Book review: Tubes, by Andrew Blum
Tubes, by Andrew Blum
IN A NUTSHELL
There is no cloud - there are just lots and lots of wires leading to lots and lots of data centres. Andrew Blum follows his emails down the pipes.
There should be a word for it - there probably is - but I'm going to plump for a phrase instead - total immersive reading.
The book is Tubes: Behind The Scenes At The Internet and author Andrew Blum is in Britain.
He started his journey looking for the physical aspects of the net - the exchanges, the cables, data warehouses - in his homeland of America and now he's over here to examine the European connections.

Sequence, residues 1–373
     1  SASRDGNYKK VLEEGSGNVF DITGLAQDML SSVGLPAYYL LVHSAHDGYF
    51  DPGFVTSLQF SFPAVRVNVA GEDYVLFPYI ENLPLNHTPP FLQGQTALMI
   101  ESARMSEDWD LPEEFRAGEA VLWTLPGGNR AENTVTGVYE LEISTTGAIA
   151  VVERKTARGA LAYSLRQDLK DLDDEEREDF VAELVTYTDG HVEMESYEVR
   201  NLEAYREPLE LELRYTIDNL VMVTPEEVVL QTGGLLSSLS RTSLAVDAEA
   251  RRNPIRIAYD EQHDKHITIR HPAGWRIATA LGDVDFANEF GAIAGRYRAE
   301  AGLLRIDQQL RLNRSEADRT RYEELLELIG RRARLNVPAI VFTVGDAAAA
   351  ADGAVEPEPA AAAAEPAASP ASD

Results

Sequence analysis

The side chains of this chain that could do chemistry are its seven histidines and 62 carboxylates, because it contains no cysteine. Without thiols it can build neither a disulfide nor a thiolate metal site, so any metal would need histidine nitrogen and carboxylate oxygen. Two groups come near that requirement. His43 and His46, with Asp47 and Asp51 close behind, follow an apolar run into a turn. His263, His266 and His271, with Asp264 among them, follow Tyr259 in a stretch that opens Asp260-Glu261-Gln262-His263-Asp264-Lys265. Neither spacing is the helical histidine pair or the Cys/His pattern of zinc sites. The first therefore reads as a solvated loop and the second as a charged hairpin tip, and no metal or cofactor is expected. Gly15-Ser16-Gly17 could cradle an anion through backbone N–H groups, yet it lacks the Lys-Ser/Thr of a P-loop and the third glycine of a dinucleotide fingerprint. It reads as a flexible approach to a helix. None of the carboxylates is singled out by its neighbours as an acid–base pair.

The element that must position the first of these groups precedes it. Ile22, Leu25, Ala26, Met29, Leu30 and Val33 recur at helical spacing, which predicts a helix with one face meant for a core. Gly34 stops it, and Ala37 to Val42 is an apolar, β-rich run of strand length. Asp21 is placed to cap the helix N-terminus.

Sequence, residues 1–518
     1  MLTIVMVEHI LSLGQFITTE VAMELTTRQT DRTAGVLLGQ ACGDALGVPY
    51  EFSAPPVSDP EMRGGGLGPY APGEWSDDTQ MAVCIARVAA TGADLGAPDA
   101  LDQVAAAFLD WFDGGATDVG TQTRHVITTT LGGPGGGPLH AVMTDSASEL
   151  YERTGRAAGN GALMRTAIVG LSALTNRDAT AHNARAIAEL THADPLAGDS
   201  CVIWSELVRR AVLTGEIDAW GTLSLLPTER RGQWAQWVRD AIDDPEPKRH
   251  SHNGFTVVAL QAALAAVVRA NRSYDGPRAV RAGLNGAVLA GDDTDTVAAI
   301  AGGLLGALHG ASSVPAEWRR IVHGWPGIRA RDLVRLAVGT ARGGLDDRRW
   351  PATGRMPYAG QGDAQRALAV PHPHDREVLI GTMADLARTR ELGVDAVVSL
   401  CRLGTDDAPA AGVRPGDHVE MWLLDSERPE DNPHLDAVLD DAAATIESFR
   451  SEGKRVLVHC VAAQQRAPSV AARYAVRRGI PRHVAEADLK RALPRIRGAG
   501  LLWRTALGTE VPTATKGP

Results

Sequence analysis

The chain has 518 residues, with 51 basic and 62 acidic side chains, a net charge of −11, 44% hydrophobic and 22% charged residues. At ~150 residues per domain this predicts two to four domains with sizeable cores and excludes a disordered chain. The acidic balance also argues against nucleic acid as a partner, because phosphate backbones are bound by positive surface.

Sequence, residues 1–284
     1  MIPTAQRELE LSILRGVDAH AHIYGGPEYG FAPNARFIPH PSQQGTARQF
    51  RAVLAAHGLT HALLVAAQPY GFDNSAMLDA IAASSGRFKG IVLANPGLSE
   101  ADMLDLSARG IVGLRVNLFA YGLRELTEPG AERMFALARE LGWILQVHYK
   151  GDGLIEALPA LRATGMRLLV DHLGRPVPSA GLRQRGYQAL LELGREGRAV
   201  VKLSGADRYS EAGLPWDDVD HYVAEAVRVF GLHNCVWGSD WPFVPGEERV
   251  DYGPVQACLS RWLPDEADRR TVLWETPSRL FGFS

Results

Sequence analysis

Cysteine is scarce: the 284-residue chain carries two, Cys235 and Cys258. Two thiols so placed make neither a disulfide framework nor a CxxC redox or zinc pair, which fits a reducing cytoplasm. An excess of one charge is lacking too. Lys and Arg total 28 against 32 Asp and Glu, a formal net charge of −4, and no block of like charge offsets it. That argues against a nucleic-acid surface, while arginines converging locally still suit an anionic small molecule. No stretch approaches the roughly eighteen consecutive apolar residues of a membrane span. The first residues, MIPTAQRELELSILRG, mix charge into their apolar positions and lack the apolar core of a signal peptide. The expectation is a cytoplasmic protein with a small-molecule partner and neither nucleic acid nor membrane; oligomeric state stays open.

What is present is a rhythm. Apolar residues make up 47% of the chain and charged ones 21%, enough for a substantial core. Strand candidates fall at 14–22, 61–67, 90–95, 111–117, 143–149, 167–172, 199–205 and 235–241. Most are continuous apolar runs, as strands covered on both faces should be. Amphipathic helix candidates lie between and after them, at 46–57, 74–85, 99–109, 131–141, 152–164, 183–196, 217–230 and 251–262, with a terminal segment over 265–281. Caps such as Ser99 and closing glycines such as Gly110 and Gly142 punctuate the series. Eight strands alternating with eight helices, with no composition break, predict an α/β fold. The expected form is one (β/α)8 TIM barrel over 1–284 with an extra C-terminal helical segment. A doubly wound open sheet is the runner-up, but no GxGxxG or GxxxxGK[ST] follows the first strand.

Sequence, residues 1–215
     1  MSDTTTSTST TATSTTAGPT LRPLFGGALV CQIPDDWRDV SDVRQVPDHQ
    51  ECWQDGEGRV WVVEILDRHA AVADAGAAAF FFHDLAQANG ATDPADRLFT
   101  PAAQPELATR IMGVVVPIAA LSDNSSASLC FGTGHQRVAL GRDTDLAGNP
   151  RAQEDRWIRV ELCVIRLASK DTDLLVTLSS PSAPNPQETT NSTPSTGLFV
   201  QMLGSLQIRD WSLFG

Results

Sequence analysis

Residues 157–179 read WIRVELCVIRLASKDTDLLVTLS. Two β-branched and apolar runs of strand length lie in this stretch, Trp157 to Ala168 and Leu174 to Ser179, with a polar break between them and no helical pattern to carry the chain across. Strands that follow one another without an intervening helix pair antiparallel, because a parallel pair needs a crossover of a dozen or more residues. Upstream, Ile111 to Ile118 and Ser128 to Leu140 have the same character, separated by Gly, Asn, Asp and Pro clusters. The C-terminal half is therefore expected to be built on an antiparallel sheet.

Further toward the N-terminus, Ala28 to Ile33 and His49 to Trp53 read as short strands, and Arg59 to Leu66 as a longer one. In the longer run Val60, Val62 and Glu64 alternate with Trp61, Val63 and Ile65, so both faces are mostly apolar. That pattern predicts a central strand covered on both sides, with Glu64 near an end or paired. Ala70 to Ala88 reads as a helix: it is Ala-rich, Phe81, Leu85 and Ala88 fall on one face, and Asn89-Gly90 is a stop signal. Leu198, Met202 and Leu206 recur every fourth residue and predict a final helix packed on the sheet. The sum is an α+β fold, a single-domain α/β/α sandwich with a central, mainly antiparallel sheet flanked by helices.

And he talks about this place, this hub, "the Heathrow of the internet" that is a crossroads - maybe a spaghetti junction - of the internet that is like a worldwide pinch point for the entire structure. Seemingly, it all goes through this exchange centre, he says.
The company is Telehouse and it is sited in the Docklands. I look up from the book to check my station. We're at East India DLR. So is the author. He's off to Telehouse, this Mecca, this icon. I see it, right next the Tower Hamlets Town Hall.
So that's what that is. Who would have guessed? Did you?
In the book, Blum satisfactorily kills off the notion that there's a cloud. I'm e-mailing this story - and there's a physical link to the receiver.
There has to be although we tend to characterise the net in more nebulous terms. Blum shows us behind the curtain where there's lots and lots of yellow cable.
Revelatory stuff if a bit dry. Catnip for network nerds.